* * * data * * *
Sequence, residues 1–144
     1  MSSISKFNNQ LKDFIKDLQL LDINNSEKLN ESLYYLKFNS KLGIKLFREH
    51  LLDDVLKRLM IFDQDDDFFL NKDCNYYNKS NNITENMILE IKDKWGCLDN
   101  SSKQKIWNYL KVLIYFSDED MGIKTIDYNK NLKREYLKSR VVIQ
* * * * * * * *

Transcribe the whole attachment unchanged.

Sequence, residues 1–144
     1  MSSISKFNNQ LKDFIKDLQL LDINNSEKLN ESLYYLKFNS KLGIKLFREH
    51  LLDDVLKRLM IFDQDDDFFL NKDCNYYNKS NNITENMILE IKDKWGCLDN
   101  SSKQKIWNYL KVLIYFSDED MGIKTIDYNK NLKREYLKSR VVIQ